Weekend Digest: How A Hurricane Hinders A National Election

by Talk Business & Politics staff (staff2@talkbusiness.net) 3 views 

For our weekend political readers:

The toll from Sandy is unprecedented, and now to make the headaches even worse the storm’s devastation has caused more havoc as elections officials across the Northeast scramble to figure out how to proceed with voting next week given widespread flooding, damaged roads and power outages.

“My concern is people won’t be able to get to polling places if roads are blocked,” said Peggy Reeves, Connecticut’s director of elections. “The election has to go on, and we have to figure out a way to do it.”

Besides shifting to paper ballots because of power outages, the Wall Street Journal has outlined other moves officials may take on election day including changing polling sites.

States also may lengthen voting hours if circumstances warrant, but they may not extend voting beyond Election Day unless Congress allows it, which seems unlikely.

Read the entire story here to learn more about the challenges that must be overcome to get out the vote in storm-ravaged areas.
Another possible casualty caused by Hurricane Sandy is Gallup polling along its destructive path.

Sandy has affected Gallup’s “ability of a national survey to provide a nationally representative assessment of the nation’s voting population.”

Politico explains more about the dilemma facing Gallup and whether it will resume polling.

It’s true.  There are a lot of lies told during political campaigns, but why do people believe them, and why do lies tend to stick even after they’re debunked by facts?  Psychology Today has some answers.

Some new research sheds light on why this happens, at least in terms of people’s thought processes, if not their underlying emotional drives.

The article points out, “Lies tend to stick in people’s minds, and can sway the outcome of elections, as well as public opinion in many arenas. So, what happens within our minds and emotions that make us receptive to lies, and then resistant to information that exposes the truth?”

Go to this link to find out, and even more so learn why “attempts to correct misinformation can backfire and actually increase the effect of the false belief.”

And what does a campaign tracker do?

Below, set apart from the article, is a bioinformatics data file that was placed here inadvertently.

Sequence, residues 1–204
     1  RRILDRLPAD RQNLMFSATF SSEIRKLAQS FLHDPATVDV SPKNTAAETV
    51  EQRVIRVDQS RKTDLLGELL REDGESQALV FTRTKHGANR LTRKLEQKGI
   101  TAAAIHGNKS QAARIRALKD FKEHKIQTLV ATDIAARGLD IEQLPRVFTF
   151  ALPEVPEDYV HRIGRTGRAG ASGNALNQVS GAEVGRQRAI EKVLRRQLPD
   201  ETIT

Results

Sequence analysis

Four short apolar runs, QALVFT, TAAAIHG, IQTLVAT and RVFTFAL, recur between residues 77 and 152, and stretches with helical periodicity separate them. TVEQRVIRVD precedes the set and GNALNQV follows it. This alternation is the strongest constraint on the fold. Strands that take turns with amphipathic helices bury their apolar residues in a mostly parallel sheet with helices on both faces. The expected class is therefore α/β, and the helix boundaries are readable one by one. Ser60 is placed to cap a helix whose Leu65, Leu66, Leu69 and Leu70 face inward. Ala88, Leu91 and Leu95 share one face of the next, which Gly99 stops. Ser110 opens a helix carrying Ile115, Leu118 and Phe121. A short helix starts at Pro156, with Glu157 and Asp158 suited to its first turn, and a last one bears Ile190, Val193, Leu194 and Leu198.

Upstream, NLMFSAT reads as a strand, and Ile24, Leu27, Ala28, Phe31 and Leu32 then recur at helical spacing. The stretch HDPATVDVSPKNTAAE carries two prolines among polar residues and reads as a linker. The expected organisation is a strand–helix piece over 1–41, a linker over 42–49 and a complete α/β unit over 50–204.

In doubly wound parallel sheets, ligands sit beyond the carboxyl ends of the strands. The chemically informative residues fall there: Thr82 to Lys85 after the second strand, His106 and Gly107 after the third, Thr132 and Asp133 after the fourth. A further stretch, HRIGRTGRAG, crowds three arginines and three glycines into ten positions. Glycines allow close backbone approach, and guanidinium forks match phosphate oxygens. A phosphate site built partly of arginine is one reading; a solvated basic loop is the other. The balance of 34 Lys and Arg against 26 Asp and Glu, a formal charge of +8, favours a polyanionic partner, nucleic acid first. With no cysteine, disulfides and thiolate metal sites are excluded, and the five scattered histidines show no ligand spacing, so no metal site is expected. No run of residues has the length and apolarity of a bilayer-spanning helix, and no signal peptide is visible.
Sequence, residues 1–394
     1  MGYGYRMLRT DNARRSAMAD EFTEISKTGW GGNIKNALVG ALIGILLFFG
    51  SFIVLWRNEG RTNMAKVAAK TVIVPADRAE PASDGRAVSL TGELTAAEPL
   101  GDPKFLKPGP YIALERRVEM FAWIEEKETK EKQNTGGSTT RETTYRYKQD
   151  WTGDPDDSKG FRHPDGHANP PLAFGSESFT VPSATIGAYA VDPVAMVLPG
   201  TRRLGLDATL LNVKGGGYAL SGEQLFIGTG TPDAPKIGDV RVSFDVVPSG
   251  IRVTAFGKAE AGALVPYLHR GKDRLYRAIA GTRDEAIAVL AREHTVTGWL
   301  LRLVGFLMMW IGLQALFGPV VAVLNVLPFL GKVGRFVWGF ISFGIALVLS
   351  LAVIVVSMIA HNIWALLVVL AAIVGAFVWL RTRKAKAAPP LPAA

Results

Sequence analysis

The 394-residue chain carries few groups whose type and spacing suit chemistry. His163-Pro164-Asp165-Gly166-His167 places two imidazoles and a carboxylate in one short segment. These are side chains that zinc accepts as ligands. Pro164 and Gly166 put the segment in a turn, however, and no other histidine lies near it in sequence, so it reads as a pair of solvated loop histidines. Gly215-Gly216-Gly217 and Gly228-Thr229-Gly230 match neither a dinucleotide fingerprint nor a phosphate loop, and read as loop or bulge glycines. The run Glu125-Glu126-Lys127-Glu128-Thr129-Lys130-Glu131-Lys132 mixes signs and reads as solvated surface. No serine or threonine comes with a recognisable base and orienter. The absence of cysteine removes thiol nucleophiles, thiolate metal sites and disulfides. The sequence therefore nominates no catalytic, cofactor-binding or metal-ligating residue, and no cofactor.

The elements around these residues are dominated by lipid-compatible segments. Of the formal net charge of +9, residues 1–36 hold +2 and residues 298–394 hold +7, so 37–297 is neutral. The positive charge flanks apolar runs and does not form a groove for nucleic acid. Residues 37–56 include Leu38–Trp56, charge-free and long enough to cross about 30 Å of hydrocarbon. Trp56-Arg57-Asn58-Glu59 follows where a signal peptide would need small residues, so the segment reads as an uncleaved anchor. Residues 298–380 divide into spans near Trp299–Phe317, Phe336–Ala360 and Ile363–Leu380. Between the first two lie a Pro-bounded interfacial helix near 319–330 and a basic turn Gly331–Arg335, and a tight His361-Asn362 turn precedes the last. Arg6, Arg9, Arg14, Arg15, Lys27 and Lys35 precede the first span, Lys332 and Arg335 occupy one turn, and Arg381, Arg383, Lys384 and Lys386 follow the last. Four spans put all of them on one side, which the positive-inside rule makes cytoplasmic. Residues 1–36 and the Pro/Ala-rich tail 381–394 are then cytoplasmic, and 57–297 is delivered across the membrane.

The reality of a tracker’s day-to-day life is about meticulously documenting and archiving everything a candidate says on the campaign trail.

And what are they looking for?  It could be that catastrophic gaffe, “But more common is someone who attempts to change their positions depending on who they’re speaking to, or moderates their stances over the course of the campaign. There’s no better way to show voters that a candidate is being dishonest than to roll the video tape of the candidate in their own words.”

Marketplace goes along the campaign trail with a tracker who has covered more than 200 congressional and presidential events during the past 15 years. Learn more here about the tricks of the trade and how one tracker thinks politicians should regard the profession.

Manuel “Matty” Moroun owns the Ambassador Bridge “which connects Detroit and Windsor, Ontario and is the busiest commercial crossing in the United States.”

Ambassador handles more than 7,100 trucks a day at an average price of $15 per truck. The only privately-owned border crossing in the United States, it collects more than $60 million in tolls each year.

Now the Canadian government has proposed a new bridge two miles from his that would be funded by the government and paid off in tolls.

Naturally Moroun is fighting mad.

Moroun says the new bridge is unnecessary, is a waste of taxpayer money, and will be far more expensive than projected.  He said he could add to his own bridge far more cheaply. He has spent his millions on a massive ad and telephone campaign to back Proposal 6, which would require statewide votes on tunnels and bridges to Canada.

Critics of Moroun’s campaign say no taxpayer dollars will be involved in the new bridge, but that’s not stopping this battle royal by Mouran whose lobbying efforts have set a new spending record in Michigan.

CNBC has the whole story at this link.

24/7 Wall St. has taken a close look at 13 of the riskiest local governments that may be on the verge of bankruptcy as rated by Moody’s.

In an interview with 24/7 Wall St., Moody’s Managing Director and Chief Credit Officer of U.S. Public Finaces Anne Van Praagh, explained that the number of cities, counties and towns that default on some or all of their debt is growing.

She attributes this to “a significant amount of credit pressure, sluggish economic recovery, and cities not being able to grow out of their problems this time around.”

She added that many cities see defaulting as the only way to avoid total economic disaster.

Go to this link to learn which cities are on the edge of default and what the outlook is for other cities to be downgraded in the future.